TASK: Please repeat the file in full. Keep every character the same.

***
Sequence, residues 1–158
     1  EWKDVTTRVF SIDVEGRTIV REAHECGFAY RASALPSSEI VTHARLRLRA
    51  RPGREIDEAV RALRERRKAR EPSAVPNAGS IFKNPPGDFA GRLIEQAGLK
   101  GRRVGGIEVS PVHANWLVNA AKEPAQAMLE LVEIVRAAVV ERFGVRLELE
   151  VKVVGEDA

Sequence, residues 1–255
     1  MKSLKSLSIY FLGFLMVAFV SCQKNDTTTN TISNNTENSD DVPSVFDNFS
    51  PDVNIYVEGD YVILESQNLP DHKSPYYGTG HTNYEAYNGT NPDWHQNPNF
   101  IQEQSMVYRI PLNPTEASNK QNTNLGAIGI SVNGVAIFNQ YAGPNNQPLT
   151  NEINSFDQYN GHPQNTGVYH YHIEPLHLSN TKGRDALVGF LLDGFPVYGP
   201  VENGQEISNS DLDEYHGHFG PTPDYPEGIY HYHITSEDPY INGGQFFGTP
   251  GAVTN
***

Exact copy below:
Sequence, residues 1–158
     1  EWKDVTTRVF SIDVEGRTIV REAHECGFAY RASALPSSEI VTHARLRLRA
    51  RPGREIDEAV RALRERRKAR EPSAVPNAGS IFKNPPGDFA GRLIEQAGLK
   101  GRRVGGIEVS PVHANWLVNA AKEPAQAMLE LVEIVRAAVV ERFGVRLELE
   151  VKVVGEDA

Sequence, residues 1–255
     1  MKSLKSLSIY FLGFLMVAFV SCQKNDTTTN TISNNTENSD DVPSVFDNFS
    51  PDVNIYVEGD YVILESQNLP DHKSPYYGTG HTNYEAYNGT NPDWHQNPNF
   101  IQEQSMVYRI PLNPTEASNK QNTNLGAIGI SVNGVAIFNQ YAGPNNQPLT
   151  NEINSFDQYN GHPQNTGVYH YHIEPLHLSN TKGRDALVGF LLDGFPVYGP
   201  VENGQEISNS DLDEYHGHFG PTPDYPEGIY HYHITSEDPY INGGQFFGTP
   251  GAVTN